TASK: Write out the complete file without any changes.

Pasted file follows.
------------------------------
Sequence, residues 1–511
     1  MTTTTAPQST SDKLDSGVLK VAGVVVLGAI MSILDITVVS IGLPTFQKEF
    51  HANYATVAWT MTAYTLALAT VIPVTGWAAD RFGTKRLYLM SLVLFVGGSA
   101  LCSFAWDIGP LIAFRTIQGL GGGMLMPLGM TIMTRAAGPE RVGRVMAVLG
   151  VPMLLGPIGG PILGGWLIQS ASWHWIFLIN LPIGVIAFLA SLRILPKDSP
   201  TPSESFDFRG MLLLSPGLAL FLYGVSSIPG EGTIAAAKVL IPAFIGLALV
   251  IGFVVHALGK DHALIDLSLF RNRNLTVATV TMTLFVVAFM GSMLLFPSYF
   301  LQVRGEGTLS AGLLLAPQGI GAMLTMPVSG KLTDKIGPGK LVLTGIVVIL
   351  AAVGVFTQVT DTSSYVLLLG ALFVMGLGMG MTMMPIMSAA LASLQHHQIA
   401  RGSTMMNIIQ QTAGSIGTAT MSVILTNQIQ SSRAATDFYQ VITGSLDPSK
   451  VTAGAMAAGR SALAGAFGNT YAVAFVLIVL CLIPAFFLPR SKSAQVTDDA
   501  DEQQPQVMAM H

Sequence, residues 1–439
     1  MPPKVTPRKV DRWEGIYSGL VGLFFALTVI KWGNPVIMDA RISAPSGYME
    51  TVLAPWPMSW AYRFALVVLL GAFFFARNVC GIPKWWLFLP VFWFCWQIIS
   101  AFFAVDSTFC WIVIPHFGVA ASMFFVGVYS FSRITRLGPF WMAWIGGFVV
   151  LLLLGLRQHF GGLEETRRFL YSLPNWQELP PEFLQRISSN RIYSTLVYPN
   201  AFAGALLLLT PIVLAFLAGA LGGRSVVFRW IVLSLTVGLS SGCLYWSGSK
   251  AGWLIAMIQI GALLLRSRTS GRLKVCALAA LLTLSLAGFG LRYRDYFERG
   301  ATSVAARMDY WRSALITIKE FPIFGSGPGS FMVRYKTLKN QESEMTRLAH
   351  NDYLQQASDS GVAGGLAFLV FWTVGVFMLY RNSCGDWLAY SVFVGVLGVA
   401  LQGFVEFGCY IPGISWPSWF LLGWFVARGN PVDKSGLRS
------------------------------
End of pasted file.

Sequence, residues 1–511
     1  MTTTTAPQST SDKLDSGVLK VAGVVVLGAI MSILDITVVS IGLPTFQKEF
    51  HANYATVAWT MTAYTLALAT VIPVTGWAAD RFGTKRLYLM SLVLFVGGSA
   101  LCSFAWDIGP LIAFRTIQGL GGGMLMPLGM TIMTRAAGPE RVGRVMAVLG
   151  VPMLLGPIGG PILGGWLIQS ASWHWIFLIN LPIGVIAFLA SLRILPKDSP
   201  TPSESFDFRG MLLLSPGLAL FLYGVSSIPG EGTIAAAKVL IPAFIGLALV
   251  IGFVVHALGK DHALIDLSLF RNRNLTVATV TMTLFVVAFM GSMLLFPSYF
   301  LQVRGEGTLS AGLLLAPQGI GAMLTMPVSG KLTDKIGPGK LVLTGIVVIL
   351  AAVGVFTQVT DTSSYVLLLG ALFVMGLGMG MTMMPIMSAA LASLQHHQIA
   401  RGSTMMNIIQ QTAGSIGTAT MSVILTNQIQ SSRAATDFYQ VITGSLDPSK
   451  VTAGAMAAGR SALAGAFGNT YAVAFVLIVL CLIPAFFLPR SKSAQVTDDA
   501  DEQQPQVMAM H

Sequence, residues 1–439
     1  MPPKVTPRKV DRWEGIYSGL VGLFFALTVI KWGNPVIMDA RISAPSGYME
    51  TVLAPWPMSW AYRFALVVLL GAFFFARNVC GIPKWWLFLP VFWFCWQIIS
   101  AFFAVDSTFC WIVIPHFGVA ASMFFVGVYS FSRITRLGPF WMAWIGGFVV
   151  LLLLGLRQHF GGLEETRRFL YSLPNWQELP PEFLQRISSN RIYSTLVYPN
   201  AFAGALLLLT PIVLAFLAGA LGGRSVVFRW IVLSLTVGLS SGCLYWSGSK
   251  AGWLIAMIQI GALLLRSRTS GRLKVCALAA LLTLSLAGFG LRYRDYFERG
   301  ATSVAARMDY WRSALITIKE FPIFGSGPGS FMVRYKTLKN QESEMTRLAH
   351  NDYLQQASDS GVAGGLAFLV FWTVGVFMLY RNSCGDWLAY SVFVGVLGVA
   401  LQGFVEFGCY IPGISWPSWF LLGWFVARGN PVDKSGLRS